Click on the picture to see a larger view of the pcb.
This design is very easy to build. You can of course solder everything and then apply voltage but maybe it doesn't hurt to be a little cautious. You should start with all low SMD parts except for the output power amp and the opamp because it's harder to solder the SMD parts when you have big parts in the way. For this solder job I recommend a good pair of tweezers. I use a type especially made for SMD. With this tweezer I get a very good grip. You must also have a soldering iron with a small tip but at least 50 watts in order to be able to solder the buffer which requires lot's of heat.
Start with all low SMD parts except for the output power amp and the opamp.
Trim pot (if you use it)
Capacitors, not the hole mounted ones
Rectifier bridges, at last
- Then continue with the high electrolytic caps, mount all caps
Apply voltage, 230 volts AC. Check that the regulators give the expected voltage, +- 12 volts. Disconnect the power and see to that the voltage is zero when you continue the soldering.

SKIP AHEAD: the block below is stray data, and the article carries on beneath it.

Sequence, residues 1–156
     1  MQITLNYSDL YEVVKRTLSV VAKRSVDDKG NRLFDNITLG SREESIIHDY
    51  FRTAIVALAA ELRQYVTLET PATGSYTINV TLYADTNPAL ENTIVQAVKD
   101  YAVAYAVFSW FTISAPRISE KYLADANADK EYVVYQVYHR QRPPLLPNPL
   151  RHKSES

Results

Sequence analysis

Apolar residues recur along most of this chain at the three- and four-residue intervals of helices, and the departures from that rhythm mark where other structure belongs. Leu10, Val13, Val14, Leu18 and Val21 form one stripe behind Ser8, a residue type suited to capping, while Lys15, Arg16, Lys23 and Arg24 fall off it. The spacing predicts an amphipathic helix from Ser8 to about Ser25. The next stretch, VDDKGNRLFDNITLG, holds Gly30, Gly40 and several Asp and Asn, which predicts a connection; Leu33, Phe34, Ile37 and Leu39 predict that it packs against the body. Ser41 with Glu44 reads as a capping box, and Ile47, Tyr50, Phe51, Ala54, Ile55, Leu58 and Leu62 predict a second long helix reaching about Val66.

Continue with the opamp and output power amp.
- Output power amp. This part needs to be soldered into the large pad on the pcb. To do this you must use lot's of heat. If you have two soldering irons, use both at the same time. The buffer gets it's cooling via this pad so it's important that the buffer is very good soldered. When I soldered this IC, it turned out not to be so difficult. Solder the pins as usual. Then solder the backside. Turn up the soldering iron to max temperature, like 450 deg C in my case. Warm and add tin and continue to warm for 10-20 seconds or so. Notice how the tin gets sucked up through the via holes. You can "burn" quite a lot and the upper side won't melt.
Click on the pictures to see a larger view of the pcb.
Detail of the TPA6120 and how it's soldered. Notice the 18 vias under the IC which serves as heat transport.
Check the finished amp
Apply voltage again and check the output voltage. Measure the DC voltage at the output. It should be the specified offset voltage (see datasheet) and times the gain, 4 in this case. I got 78 uV(!) for AD8610 and 2 and 10 mV for the TPA6120 at the amp outputs. 10 mV is OK and won't harm the headphones.
The whole amp is ready.
Test if you want the different drive modes. It is safe to change modes when voltage and input signal is applied. You won't even hear a click.
Good luck and happy listening.